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The miniskirt is not the problem

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The miniskirt is not the problem

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There is nothing more uncomfortable than being ordered to stand up in front of your entire sixth grade class at Voorhees Middle School while a male administrator checks the length of your shorts.

   You could practically feel the humiliation in the room as we tried to roll our shorts down as far as they would go to abide by the rules. A few girls were called out of the room and required to change into something more appropriate. If their parents couldn’t drop something off, they headed to the dreaded lost and found to borrow a stranger’s abandoned sweatshirt or gym shorts.

   All the boys remained seated, watching us. We knew when the administrator said, “Alright, everybody up” he was only speaking to the females.

   I was eleven years old. I had not even gone through puberty, yet there I was texting my mom in the bathroom, asking her to please bring me leggings because I’d been “dress-coded”. I hated to disrupt her while she was working, but I loathed the idea of getting written up for my outfit even more. The bell rang, and I was late for social studies class.

   I am now sixteen. And I still experience this same kind of discrimination. When the shorts aren’t too short, the top is too low cut or the straps are too thin. I’ve watched my friends hang their heads in shame as they are asked to change or “cover up”.

   And it doesn’t just occur in school. Although they had good intentions, my parents told me last year they didn’t want me to wear my new denim skirt to school anymore because it was too short and they didn’t want boys getting the wrong idea about me.

   I knew they were just trying to protect me like the good parents they are, but I was still confused and thought, what kind of idea? It was just a skirt. If the length

of a skirt determines my self-worth, then does my intellect and personality mean nothing? To have my own parents perpetuate the “boys will be boys” idea onto me made it all more hurtful.

   I felt like Cher from Clueless. I remember watching it when I was in the eighth grade. In the iconic scene, Alicia Silverstone floats down the staircase in a white bodycon dress. Her ex-stepbrother is the one to point out the inappropriateness of her outfit to her dad.

   “Cher, get in here. What the hell is that?”

“A dress.”

“Says who?”

  “Calvin Klein!” she slyly responds. I wished I could have mustered up the courage to sass my parents like that. Instead, I was dragged back to the store to exchange my skirt for a longer one.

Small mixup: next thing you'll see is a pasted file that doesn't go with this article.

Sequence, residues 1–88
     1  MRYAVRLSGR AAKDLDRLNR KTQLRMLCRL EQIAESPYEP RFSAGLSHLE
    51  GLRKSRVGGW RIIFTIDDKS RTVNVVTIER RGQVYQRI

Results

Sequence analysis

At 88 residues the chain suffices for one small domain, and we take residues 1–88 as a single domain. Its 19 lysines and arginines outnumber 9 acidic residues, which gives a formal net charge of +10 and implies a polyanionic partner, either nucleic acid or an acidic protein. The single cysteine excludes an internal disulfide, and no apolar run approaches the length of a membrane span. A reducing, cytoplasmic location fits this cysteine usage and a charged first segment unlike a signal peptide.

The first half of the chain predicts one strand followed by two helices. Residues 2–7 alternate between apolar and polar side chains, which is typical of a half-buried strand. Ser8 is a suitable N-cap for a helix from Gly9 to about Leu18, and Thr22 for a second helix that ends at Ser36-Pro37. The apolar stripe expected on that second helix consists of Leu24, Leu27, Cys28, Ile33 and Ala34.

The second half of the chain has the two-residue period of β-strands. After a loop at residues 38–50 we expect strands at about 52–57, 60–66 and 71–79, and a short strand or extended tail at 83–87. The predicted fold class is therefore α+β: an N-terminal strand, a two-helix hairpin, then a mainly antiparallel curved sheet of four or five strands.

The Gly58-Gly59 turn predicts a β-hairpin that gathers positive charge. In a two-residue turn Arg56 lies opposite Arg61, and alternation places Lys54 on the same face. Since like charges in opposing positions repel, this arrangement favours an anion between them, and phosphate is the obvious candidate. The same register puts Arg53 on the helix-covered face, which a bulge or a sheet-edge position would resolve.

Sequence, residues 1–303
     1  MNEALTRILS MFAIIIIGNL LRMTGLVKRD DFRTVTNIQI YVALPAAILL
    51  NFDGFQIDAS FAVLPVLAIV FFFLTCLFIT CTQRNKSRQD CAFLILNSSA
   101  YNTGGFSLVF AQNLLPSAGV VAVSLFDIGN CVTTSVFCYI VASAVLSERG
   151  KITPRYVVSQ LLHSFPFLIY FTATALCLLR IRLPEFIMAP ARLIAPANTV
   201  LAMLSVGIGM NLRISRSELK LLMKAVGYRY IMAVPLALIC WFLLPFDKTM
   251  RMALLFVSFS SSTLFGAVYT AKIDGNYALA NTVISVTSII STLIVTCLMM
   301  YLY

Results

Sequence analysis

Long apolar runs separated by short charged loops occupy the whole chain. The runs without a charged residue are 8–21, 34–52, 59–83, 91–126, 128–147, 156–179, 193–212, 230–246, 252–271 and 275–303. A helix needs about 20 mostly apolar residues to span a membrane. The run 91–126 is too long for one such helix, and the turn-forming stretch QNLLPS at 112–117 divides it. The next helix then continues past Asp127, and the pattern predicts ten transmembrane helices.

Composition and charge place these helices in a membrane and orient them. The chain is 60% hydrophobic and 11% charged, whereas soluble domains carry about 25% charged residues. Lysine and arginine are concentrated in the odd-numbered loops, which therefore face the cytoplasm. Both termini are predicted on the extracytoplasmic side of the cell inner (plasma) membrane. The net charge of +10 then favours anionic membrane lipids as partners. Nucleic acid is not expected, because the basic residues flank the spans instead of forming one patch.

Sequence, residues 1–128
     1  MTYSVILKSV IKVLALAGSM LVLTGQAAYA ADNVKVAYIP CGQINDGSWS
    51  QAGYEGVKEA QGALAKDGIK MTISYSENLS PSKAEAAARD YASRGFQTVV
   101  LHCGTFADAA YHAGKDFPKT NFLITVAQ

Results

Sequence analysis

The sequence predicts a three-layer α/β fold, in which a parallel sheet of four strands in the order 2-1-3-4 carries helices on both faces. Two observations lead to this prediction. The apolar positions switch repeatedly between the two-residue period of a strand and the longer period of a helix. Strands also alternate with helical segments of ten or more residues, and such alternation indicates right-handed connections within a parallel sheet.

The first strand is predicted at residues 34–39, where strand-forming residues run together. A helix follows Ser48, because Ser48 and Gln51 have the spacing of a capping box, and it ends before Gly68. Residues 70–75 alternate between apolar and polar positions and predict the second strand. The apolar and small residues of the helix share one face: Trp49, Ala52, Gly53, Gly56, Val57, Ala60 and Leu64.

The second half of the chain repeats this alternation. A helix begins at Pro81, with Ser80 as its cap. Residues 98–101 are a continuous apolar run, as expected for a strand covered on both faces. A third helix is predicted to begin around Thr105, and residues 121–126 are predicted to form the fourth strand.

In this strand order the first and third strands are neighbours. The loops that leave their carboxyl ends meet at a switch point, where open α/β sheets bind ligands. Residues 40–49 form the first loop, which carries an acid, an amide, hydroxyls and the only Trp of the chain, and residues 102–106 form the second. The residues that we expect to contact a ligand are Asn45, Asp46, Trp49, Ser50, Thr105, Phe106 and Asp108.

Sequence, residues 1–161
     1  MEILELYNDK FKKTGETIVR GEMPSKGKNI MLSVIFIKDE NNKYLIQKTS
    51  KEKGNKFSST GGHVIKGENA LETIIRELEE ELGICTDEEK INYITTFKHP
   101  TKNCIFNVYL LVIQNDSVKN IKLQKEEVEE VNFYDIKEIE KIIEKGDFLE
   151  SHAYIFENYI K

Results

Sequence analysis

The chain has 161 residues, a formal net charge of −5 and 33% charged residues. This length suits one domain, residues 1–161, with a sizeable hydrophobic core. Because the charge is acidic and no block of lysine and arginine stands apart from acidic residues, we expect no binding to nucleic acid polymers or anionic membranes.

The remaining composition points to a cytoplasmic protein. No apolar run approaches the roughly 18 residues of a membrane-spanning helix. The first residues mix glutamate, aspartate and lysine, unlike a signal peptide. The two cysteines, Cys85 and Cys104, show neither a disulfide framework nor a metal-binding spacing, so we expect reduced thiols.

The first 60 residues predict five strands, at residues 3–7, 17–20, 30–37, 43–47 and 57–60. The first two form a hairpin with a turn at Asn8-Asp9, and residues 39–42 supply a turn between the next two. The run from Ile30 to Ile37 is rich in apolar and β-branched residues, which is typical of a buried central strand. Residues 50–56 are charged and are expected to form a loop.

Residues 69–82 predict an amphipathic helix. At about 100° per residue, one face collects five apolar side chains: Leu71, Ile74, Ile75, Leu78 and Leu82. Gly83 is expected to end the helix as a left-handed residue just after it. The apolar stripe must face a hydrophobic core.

It‘s unfair that female students have to compromise their education to avoid potentially distracting their classmates. It’s even more unfair that administrators scold girls, as if they’ve done something terribly wrong, for violating dress codes.

   This idea is extremely toxic for girls, and it starts at a young age. According to the National Center for Education Statistics, 70% of middle schools enforced a strict dress code, which was 15% higher than high schools.

   No eleven-year-old goes to school in a skirt with the intention of gaining a boy’s attention. The moment a girl begins to develop her own style and manifest her creativity through her clothing, she is punished.

   Schools need to implement a change. Most schools’ dress codes are decades old and still continue to discriminate against female students.

   According to the National Women’s Law Center, which conducted research observing Washington D.C. schools, “81 percent of the public schools require a uniform; 65 percent regulate the length of skirts; 58 percent forbid tank tops; 42 percent ban tights and/or leggings…”

   The Oregon chapter of the National Organization for Women has been fighting for change in the last few years. The organization has developed a dress code model that allows students to wear virtually whatever they want, with the exception of clothing with images of profanity or drugs and alcohol. Portland Public Schools adopted the policy last year, and other schools in America are expected to follow in those footsteps as the new school year proceeds.

   Along with the obvious double standards of strict dress codes, the policies promote rape culture. To teach a girl that she’s asking for it or that sexual harassment is her fault begins in the classroom. Low cut tops and short shorts are not invitations for violation in school, much less in the real world. The miniskirt is not the problem- the lack of self-control is.

   So if we let boys be boys, then let girls be girls. Let her flounce around in a skirt and don’t tell her she’s asking for it. She’s twelve- she’s not asking for anything. Let her wear a tank top because her school isn’t air conditioned; how is she supposed to ace her algebra test if all she can think about is how hot it is in her classroom? And let her wear leggings because, seriously, no one thinks jeans are comfortable. A girl in a crop top is no less respectable than one in a sweater.

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The miniskirt is not the problem